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Child Health Evaluative Sciences

TORCH

Toronto Outcomes Research in Child Health (TORCH) is an initiative developing and employing evidence-based methods and techniques in the development and measurement of “core outcome sets” in randomized controlled trials and cohort studies. To date, we have considered the areas of neonatal opioid abstinence syndrome, bronchiolitis, appendicitis, and complex care.

Given heterogeneous definitions, lack of valid instruments for evaluating paediatric acute diarrheal diseases, conduct of meaningful comparative effectiveness trials is limited and the opportunity to carry out and interpret knowledge synthesis is impeded” (Johnston et al, 2010)

Outcomes research in paediatric settings is rapidly growing area of inquiry that is acquiring breadth but has achieved little depth in any single content area. Much work needs to be done to inform decision making regarding optimal ways to finance, organize and deliver child care services” (Forrest et al 2003)

Overview 

Toronto Outcomes Research in Child Health (TORCH) is a new and exciting collaborative initiative developing and employing evidence-based methods and techniques in the development and measurement of “core outcome sets” in randomized controlled trials and cohort studies.

Founded by Dr. Martin Offringa, Senior Scientist in the Child Health Evaluative Sciences (CHES) program, this initiative allows researchers to address the unique challenges of outcomes selection and measurement in pediatric studies.

Core outcome sets enable clinical researchers to:

  1. Conduct comparative studies, such as systematic reviews
  2. Inform health policy decision-making
  3. Facilitate the bridging of gaps between bench and bedside care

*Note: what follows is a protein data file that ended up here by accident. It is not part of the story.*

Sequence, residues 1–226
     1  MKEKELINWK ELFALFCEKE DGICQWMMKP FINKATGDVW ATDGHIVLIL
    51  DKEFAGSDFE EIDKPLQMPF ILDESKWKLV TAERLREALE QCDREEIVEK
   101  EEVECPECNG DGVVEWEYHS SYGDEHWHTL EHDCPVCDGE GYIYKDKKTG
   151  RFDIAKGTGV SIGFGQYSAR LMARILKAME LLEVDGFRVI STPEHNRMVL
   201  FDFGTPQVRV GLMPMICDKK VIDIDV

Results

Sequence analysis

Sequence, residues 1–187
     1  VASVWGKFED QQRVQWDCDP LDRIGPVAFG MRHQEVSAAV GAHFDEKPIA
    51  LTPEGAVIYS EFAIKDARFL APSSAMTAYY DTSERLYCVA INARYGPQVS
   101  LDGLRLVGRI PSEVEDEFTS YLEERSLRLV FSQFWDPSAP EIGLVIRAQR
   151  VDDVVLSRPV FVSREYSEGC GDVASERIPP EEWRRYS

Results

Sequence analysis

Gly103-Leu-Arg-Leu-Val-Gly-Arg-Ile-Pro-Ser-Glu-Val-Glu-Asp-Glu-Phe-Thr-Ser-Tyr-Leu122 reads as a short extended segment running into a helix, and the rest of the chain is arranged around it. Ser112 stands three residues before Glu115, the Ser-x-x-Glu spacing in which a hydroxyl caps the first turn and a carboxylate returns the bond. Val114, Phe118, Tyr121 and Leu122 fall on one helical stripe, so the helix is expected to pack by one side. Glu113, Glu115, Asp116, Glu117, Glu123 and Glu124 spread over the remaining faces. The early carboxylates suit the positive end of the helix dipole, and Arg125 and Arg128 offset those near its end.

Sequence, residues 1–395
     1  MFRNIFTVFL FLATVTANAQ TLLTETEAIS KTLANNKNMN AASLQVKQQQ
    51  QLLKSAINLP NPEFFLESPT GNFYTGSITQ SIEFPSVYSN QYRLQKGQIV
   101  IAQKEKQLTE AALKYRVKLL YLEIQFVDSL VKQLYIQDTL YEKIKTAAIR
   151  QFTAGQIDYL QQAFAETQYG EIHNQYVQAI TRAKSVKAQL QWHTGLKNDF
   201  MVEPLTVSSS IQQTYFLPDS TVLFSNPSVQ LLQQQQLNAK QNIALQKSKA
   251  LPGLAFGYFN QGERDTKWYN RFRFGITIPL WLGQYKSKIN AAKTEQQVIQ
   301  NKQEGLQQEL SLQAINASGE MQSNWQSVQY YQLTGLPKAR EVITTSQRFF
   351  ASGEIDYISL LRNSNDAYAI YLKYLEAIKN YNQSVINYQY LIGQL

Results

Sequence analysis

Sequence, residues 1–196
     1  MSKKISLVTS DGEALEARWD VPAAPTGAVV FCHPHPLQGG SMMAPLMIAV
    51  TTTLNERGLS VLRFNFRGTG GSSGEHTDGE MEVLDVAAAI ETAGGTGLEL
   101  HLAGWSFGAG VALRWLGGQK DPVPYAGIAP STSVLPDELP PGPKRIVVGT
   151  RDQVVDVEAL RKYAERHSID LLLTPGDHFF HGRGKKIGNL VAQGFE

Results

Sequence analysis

Led by CHES scientists and divisional representatives from The Hospital for Sick Children, TORCH aims to become a paediatric outcomes centre that will create opportunities to enhance the development of child health core outcome sets using rigorous and systematic selection methods, and to study valid outcome measurement instruments. In collaboration with existing outcome organizations within Canada and across the world, TORCH is a local platform for networking and cooperation with other established outcome groups and stakeholders, such as COMET, PROs, PROMIS, PROQOLID, DIRUM, COSMIN, CANCHILD.

Vision

To enhance child health by ensuring children are given with safe and effective treatment based on relevant and accurate outcomes in research.

Mission

To create opportunities for improving outcomes selection and measurement in cohort studies and trials by:

  1. Raising awareness on the importance of meaningful outcomes selection and measurement in children;
  2. Providing methodology to select measure and report truthful, discriminative and feasible outcomes in child health research;
  3. Supporting engagement with research ethics boards, funders, journal editors and regulators to critically appraise outcomes selection, measurement and reporting.

Activities

  1. Raise awareness regarding the importance of “core outcomes” selection and measurement.
  2. Develop methodology to identify child and family specific needs in selecting and measuring outcomes in children.
    • Develop and evaluate methodology.
    • To develop a “core outcome” set for any paediatric disease.
    • To select and evaluate appropriate outcome measurement instruments.
  3. Network with existing outcomes research organizations such as COMET, OMERACT, PROMIS, DIRUM, COSMIN.
    • To ensure research is high impact by reducing duplication of effort and harmonizing methodologies within fields.
  4. Translate to practice in collaboration with stakeholders, including research ethics boards, funders, regulators, journal editors and governments.
    • To promote uptake and use of “core outcomes” selection and measurement methodology in paediatric clinical trials.

References

Bradley C. Johnston, Larissa Shamseer, Bruno R. da Costa, Ross T. Tsuyuki, Sunita Vohra (2010) Measurement issues in trials of pediatric acute diarrheal diseases: a systematic review. Pediatrics 126: e222-231

Christopher B. Forrest, Scott A. Shipman, Denise Dougherty, Marlene R. Miller. (2003) Outcomes research in pediatric settings: recent trends and future directions. Pediatrics. 111(1): 171–178.

 

Updated January 2017